The Veteran agreed to abandon his claims for entitlement to (1) service connection for a right thumb disorder, (2) an initial compensable rating for left great toe muscle strain, and (3) an initial compensable rating for facial scars.   

1. Left Foot Disorder
The Veteran asserts entitlement to a service connection for a left foot impairment, that he believes is cause by or proximately due to his service connected back disability.  
Service connection may be granted if the evidence demonstrates that a current disability resulted from an injury or disease incurred or aggravated in active military service.  This means that the facts establish that an injury or disease resulting in disability was incurred coincident with service in the Armed Forces, or if preexisting such service, was aggravated therein.  38 U.S.C. § 1110; 38 C.F.R. § 3.303 (a).  
Establishing service connection on a direct basis requires evidence demonstrating: (1) the existence of a current disability; (2) in-service incurrence or aggravation of a disease or injury; and (3) a causal relationship between the current disability and the claimed in-service disease or injury.  See Davidson v. Shinseki, 581 F.3d 1313 (Fed. Cir. 2009); Hickson v. West, 12 Vet. App. 247, 253 (1999); Caluza v. Brown, 7 Vet. App. 498, 506 (1995), aff’d per curiam, 78 F. 3d 604 (Fed. Cir. 1996) (table).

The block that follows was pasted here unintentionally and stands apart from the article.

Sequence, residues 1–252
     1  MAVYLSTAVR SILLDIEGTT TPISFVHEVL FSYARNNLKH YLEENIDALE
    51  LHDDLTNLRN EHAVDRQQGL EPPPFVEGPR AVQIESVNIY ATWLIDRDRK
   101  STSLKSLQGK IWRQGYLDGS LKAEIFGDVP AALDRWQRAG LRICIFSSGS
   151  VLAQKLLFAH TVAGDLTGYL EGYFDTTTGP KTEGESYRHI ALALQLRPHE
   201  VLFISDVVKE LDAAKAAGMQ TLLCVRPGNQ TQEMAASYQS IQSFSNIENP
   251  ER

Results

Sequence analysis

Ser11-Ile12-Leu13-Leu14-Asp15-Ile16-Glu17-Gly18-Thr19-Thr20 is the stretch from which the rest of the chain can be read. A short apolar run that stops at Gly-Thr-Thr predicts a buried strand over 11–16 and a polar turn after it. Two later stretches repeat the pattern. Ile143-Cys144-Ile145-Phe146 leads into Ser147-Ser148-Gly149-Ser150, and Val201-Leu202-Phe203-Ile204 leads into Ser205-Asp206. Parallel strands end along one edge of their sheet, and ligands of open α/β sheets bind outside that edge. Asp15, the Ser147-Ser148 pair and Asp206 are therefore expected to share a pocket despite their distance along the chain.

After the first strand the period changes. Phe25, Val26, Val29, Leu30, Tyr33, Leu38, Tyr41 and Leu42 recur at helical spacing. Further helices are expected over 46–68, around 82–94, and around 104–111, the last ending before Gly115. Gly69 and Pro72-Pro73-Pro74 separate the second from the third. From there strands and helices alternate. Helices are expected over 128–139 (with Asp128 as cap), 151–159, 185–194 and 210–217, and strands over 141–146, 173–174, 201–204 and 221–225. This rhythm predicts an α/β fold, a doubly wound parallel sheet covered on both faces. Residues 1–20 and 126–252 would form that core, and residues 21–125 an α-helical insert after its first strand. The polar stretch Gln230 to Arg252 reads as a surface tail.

In addition to the elements of direct service connection, service connection may also be granted on a secondary basis for a disability if it is proximately due to or the result of a service-connected disease or injury.  38 C.F.R. § 3.310 (a).  Establishing service connection on a secondary basis requires evidence sufficient to show (1) that a current disability exists and (2) that the current disability was either (a) proximately caused by or (b) proximately aggravated by a service-connected disability.  Allen v. Brown, 7 Vet. App. 439, 448 (1995) (en banc).
When a Veteran seeks benefits and the evidence is in relative equipoise, the Veteran prevails.  38 C.F.R. § 3.102 (2017); see Gilbert v. Derwinski, 1 Vet. App. 49 (1990).